Growing up dyslexic before anyone really understood it, I suffered from depression and felt like an outcast. Of course I didn’t perceive the cause of the negativity, so it began to show up through anger.
Finally, by the time I was fourteen, my mother handed me a book – it was something written by Sigmund Freud. It helped me to discern what could be causing the depression.
Many talks with Mom brought forth her words of wisdom. One suggestion she gave was to go ahead and be depressed. Let it run its course. This was a dead ringer for truth. Later, I realized the reason why this was good advice.
No one can be happy all of the time. Using lingo that Mom wouldn’t have recognized – it’s about yin and yang. It’s contrast that’s needed in order to have perspective. How could you know you are happy, if you’ve never been sad?
So embracing sadness or depression gives familiarity to the opposite frame of mind which would be happiness.
I heard the same theory espoused in one of my favorite blogs, “Sidhere.” At first when I went there and read his articles, I thought that everything was so clear to this man that he had to be very young. Shades of gray don’t appear until your hair starts turning that color.
Amongst his other words of wisdom, (turns out Sid’s age is 84) one matched with my mother’s advice to go ahead and embrace those times when feeling depressed.
Mother also suggested keeping busy. She said you can’t have two emotions at the same time. I would like to add that physical exercise helps, too. It releases endomorphines which tend to create a good feeling.
I like the Bible quotation from Phillipians that Mom told me about. In essence this verse suggests keeping your mind on all things lovely and pure. The timelessness of this advice is really coming in handy with so many disturbing events going on in the world. Focusing on the depressing events amplifies the power of such.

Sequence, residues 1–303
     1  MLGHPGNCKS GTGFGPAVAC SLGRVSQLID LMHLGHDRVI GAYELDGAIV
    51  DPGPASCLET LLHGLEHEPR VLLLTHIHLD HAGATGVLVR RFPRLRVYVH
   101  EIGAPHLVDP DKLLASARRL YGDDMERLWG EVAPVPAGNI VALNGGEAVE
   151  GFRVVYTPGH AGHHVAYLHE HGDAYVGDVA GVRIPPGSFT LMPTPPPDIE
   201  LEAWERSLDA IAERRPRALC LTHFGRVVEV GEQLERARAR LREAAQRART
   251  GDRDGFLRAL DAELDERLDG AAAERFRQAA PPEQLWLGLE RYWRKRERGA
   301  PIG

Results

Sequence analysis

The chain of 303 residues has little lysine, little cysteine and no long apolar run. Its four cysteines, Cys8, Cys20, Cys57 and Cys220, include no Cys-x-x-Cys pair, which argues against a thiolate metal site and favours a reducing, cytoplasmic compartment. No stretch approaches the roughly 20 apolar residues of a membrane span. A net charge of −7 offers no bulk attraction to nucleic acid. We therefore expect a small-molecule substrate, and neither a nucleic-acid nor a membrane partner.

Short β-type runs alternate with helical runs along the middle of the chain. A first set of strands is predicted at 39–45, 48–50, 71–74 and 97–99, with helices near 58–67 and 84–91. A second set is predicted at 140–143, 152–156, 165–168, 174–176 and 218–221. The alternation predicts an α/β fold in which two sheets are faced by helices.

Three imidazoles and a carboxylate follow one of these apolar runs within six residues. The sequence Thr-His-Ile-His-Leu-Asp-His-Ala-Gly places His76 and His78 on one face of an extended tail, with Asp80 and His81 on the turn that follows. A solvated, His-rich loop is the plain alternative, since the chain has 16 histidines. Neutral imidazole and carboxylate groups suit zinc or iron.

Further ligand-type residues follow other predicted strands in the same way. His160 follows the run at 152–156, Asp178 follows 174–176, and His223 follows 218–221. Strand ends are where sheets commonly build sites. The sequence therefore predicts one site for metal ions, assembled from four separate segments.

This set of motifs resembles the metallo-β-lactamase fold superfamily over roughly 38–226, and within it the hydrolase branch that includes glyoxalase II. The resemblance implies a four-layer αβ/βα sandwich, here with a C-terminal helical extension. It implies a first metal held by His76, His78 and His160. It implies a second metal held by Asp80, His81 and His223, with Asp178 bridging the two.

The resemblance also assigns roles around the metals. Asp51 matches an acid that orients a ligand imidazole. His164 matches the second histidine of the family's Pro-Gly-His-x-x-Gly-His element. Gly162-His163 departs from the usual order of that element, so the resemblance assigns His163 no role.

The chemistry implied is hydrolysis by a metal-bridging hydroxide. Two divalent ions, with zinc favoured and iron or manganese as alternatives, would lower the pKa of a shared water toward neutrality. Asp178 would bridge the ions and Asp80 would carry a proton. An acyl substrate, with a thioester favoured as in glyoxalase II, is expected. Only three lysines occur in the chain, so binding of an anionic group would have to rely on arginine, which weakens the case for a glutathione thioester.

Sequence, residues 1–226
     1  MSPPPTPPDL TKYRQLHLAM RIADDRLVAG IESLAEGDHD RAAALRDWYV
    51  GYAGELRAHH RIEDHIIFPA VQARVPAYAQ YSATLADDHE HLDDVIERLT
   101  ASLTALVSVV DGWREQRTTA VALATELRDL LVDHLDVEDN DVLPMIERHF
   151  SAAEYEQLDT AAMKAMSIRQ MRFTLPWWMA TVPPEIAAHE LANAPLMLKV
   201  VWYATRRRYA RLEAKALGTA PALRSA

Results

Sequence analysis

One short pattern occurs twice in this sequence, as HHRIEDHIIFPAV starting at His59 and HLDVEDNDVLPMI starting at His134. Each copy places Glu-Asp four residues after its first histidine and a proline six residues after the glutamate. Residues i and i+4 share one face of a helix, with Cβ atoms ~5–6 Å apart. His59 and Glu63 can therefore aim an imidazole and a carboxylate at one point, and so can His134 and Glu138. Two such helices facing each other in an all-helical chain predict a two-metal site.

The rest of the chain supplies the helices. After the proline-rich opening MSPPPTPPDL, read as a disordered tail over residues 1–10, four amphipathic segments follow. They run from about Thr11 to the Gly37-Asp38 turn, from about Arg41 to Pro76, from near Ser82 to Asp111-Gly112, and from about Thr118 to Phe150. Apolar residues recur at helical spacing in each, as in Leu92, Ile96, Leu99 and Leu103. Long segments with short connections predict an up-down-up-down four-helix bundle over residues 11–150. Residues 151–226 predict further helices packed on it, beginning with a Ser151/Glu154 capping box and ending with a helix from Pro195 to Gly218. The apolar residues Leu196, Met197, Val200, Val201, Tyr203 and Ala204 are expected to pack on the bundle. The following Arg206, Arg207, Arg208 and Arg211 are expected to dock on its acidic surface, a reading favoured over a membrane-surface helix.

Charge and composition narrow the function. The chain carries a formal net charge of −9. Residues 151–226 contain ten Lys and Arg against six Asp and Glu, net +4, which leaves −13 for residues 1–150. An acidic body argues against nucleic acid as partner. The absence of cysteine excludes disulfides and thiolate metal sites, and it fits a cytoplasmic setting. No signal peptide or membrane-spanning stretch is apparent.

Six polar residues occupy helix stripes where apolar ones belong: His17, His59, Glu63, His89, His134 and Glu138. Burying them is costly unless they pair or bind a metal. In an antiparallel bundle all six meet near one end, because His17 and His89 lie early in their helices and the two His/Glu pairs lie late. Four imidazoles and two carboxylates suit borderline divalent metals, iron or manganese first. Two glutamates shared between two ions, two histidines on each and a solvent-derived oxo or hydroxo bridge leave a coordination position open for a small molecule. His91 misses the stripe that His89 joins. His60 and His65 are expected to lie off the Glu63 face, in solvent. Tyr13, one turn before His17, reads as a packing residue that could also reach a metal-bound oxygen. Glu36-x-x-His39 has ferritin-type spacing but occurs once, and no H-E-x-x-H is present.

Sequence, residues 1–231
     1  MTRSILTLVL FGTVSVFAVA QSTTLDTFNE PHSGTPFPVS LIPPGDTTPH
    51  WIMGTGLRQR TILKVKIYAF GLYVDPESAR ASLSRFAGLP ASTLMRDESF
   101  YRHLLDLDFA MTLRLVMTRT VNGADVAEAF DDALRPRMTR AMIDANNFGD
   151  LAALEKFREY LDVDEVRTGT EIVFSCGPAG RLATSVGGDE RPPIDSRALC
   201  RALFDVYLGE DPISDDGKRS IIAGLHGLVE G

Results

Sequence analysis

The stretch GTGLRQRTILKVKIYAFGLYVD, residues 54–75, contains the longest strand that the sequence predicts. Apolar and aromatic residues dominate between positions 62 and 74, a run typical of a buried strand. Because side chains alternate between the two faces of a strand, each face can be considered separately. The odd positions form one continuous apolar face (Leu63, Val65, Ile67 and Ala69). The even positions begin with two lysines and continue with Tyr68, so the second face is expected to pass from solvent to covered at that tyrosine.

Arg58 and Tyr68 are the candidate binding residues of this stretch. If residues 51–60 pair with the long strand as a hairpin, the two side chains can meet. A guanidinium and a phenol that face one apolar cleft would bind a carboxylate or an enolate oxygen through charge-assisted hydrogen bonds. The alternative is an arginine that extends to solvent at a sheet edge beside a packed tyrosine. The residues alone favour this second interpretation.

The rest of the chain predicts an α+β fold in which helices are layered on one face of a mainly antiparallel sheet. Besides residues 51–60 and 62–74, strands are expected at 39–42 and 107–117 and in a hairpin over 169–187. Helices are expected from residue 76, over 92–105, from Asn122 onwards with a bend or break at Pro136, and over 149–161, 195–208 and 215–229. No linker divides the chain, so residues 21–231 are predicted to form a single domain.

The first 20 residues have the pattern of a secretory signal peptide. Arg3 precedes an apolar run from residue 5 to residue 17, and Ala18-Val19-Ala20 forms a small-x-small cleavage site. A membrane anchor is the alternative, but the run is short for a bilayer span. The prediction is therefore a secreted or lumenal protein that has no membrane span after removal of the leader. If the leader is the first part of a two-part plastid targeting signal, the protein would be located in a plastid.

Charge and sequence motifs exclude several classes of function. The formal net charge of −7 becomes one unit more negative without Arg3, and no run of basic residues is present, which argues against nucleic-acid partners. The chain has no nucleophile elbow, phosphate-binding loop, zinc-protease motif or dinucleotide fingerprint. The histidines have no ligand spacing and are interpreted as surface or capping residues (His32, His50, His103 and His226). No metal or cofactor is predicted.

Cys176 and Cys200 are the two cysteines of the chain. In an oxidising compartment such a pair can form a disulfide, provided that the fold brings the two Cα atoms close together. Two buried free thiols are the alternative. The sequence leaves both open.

After having read about primitive man, and humanity’s evolution to the complexity of symbolism, a few more thoughts cropped up. We spend so much of our time indoors, away from nature’s fragrances, and colors, why not focus on bringing this back into life’s experiences?
Take a walk in a pine tree grove. Pine trees are known to eliminate negativity. They have a deep lavender aura you can see if you look at the branches against the backdrop of the sky.
Fill your surroundings with fragrances that please. Take a bath in lavender, or jasmine, or rosemary oil. Rosemary, especially, is well known for alleviating depression. Rose or vanilla scented candles raise the spirits, too.
Eat grapefruit. It’s known as the happy fruit.
Daydream about colors that make you happy. Close your eyes for a moment and conjure up this imagery inside of your mind. What are the colors that make you happy?
The color of gold releases negativity and promotes health. Other helpful colors are shades of lavender or purple. Pink helps keep you “in the pink.”
Don’t let the winter blahs get to you. Depression is a part of life, especially in winter, but there are ways to alleviate a simple condition of seasonal blahs.